MinRes’ Chris Ellison in $1b ultimatum to WA on gas policy

Article by Brad Thompson courtesy of the Australian Financial Review, sourced via Hancock Energy.

Mineral Resources boss Chris Ellison has delivered a $1 billion ultimatum to Western Australia’s Labor government over its domestic gas reservation policy.

Mr Ellison said MinRes would not build a large-scale gas plant in the Perth Basin unless the WA government ditched restrictions on the export of gas from onshore projects. 

Mining billionaire Chris Ellison lifted the lid on some of his lithium strategy at the company’s annual general meeting in Perth on Thursday. Trevor Collens

The company is lobbying the government hard before a final investment decision early next year.

MinRes wants to export gas from a 250 terajoule-a-day plant for about five years, and then tackle an expected shortfall in the domestic market. The WA government has doubled down on its policy of not allowing gas exports from the Perth Basin, except for the Waitsia project involving Kerry Stokes-backed Beach Energy.

The ultimatum was delivered before MinRes hosts a $6000-a-seat Labor fundraising event billed as a thank you to former premier Mark McGowan, who now works for the company as a consultant, at its headquarters.

“We like to show off our building, and we support all political parties across the board, federal and state,” Mr Ellison said at Thursday’s annual meeting. “Someone has to. They have got to get funds from somewhere to do what they do. The experience I’ve had with this state government is that if there’s something that’s good for WA, they’ll get behind it.”

The diversified miner, which spans iron ore and lithium interests, declared SQM’s $1.6 billion takeover offer for Azure Minerals “dead in the water” amid a battle for control of the exploration target.

Mr Ellison said MinRes wanted a big piece of Azure’s Andover project in WA in a blow to any hope of the Chilean lithium giant succeeding with its takeover tilt.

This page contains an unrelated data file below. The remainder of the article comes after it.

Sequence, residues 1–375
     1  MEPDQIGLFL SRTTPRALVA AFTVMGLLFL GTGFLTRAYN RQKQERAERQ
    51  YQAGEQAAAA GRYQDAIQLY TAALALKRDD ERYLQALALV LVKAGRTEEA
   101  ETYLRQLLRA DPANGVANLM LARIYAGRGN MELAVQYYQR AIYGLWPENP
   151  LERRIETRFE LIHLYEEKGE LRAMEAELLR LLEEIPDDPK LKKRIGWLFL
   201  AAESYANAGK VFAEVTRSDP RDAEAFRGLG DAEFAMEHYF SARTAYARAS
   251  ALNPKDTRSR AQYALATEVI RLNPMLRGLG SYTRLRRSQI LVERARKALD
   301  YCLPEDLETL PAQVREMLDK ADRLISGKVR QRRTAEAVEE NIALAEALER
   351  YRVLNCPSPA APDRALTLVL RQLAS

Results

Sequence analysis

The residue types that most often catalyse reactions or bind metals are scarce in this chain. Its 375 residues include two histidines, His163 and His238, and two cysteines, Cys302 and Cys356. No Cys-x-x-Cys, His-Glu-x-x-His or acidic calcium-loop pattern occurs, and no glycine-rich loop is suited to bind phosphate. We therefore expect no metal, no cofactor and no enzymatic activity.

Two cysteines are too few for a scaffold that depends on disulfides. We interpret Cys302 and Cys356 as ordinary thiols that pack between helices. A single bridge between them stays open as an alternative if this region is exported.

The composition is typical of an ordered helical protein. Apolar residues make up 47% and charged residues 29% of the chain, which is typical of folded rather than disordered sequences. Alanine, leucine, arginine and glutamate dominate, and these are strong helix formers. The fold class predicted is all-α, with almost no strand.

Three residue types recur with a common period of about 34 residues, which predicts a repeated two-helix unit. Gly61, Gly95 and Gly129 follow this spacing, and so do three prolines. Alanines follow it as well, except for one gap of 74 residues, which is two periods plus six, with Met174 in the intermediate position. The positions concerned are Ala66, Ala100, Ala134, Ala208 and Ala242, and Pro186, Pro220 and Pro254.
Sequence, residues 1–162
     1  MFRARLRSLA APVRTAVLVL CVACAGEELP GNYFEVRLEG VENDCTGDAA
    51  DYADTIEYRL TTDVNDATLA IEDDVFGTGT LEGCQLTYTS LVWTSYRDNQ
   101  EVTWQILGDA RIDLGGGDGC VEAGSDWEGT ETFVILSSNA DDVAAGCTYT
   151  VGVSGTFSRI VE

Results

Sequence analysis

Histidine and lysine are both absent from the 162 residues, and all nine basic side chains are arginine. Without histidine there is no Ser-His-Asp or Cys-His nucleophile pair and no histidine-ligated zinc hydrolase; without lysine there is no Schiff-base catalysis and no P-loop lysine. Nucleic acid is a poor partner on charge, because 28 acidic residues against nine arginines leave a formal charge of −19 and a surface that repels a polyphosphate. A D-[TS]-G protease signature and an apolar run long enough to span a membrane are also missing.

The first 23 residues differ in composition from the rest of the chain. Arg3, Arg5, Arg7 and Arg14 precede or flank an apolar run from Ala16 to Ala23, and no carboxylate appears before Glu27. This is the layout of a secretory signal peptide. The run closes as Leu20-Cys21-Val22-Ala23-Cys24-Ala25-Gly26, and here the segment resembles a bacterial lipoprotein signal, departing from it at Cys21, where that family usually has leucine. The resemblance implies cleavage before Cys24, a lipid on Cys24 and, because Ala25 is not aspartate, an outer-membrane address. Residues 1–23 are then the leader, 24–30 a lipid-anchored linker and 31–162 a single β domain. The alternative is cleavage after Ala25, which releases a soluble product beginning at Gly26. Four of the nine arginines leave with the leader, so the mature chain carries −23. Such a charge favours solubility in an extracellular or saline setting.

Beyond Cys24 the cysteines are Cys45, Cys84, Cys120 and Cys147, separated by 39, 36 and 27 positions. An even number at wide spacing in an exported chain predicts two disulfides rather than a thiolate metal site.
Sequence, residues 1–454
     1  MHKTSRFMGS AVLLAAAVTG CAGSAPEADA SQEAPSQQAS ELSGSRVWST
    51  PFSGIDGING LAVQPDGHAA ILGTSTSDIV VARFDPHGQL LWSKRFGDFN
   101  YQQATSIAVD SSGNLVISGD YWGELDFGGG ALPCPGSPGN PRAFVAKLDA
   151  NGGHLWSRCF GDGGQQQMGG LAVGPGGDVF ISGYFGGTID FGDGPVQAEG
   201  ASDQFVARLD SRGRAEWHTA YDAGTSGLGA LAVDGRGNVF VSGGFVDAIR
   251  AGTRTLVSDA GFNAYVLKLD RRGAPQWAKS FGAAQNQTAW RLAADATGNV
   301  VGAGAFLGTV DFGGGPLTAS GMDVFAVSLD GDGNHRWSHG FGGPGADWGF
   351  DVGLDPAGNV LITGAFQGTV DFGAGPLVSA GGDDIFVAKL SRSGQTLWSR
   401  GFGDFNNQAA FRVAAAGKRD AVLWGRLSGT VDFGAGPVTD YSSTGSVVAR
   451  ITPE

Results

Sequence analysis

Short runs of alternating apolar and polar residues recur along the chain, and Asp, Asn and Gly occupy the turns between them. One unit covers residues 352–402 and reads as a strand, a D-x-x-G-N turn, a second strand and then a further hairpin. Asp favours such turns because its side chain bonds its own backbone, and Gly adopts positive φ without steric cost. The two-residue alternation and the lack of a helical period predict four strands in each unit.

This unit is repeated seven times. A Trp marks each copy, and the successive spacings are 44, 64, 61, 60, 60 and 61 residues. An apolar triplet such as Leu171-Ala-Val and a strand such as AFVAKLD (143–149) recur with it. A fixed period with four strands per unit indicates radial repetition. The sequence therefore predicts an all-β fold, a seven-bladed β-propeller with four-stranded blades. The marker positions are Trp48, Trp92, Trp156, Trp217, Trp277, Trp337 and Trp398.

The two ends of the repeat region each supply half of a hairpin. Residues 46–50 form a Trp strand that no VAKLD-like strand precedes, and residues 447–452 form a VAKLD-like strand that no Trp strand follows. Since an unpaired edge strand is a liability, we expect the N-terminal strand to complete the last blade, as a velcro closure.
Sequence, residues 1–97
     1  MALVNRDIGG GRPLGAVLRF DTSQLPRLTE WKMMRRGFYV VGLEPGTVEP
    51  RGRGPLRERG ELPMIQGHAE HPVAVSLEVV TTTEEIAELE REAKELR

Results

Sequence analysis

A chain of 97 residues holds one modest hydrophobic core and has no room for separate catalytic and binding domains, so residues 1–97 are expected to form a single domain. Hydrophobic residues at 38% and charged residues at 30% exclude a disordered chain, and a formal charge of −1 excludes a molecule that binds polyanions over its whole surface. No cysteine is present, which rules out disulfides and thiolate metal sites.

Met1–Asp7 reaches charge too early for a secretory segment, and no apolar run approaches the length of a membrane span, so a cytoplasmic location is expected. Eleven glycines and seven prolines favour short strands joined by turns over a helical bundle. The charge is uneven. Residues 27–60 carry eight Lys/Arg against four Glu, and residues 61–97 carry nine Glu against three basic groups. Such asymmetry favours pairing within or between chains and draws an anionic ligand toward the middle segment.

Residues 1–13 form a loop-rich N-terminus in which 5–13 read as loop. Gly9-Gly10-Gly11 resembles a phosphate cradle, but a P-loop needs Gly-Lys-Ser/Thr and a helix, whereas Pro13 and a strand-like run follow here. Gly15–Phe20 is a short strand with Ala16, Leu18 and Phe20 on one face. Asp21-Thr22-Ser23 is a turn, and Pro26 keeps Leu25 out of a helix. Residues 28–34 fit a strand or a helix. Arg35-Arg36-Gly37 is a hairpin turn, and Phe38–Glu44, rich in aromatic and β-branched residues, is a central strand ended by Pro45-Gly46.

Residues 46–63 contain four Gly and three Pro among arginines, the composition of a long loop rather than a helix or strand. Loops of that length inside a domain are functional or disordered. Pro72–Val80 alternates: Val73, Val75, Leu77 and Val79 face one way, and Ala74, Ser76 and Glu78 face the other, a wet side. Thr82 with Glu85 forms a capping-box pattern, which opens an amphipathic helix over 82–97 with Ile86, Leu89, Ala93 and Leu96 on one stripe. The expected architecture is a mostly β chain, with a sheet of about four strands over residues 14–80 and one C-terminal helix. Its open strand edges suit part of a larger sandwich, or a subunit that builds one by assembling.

MinRes has a 13.56 per cent stake in Azure, Gina Rinehart 18.9 per cent and SQM 19.9 per cent. Prospector Mark Creasy separately owns 40 per cent of Andover.

“If you look at the share register, you’ll find there are probably about half a dozen different organisations that actually own almost all of Azure. I’m not sure of any of those are willing sellers,” Mr Ellison said. “A couple of them, I’d imagine. But there’s probably three or four in there that are buyers.”

Asked if he was interested in buying the Creasy stake in Andover, the MinRes boss said: “I’m sure that all of us would like to buy it. But it’s just a question of time and price.”

Azure stock closed at $4.02 on Thursday. SQM offer is pitched at $3.52 a share.

Mr Ellison denied claims that he was working in concert with Mrs Rinehart’s Hancock Prospecting as part of a strategy to lock up lithium assets in WA’s Pilbara and Goldfields regions.

MinRes took over the running of the Bald Hill lithium mine on November 1, giving it three lithium mines and processing plants in WA.

Mr Ellison declined to comment on how much MinRes paid for Bald Hill but said it was immaterial. His comment will come as a blow to shareholders in its Singapore-listed former parent, Alita Resources, who were pushing for a high price.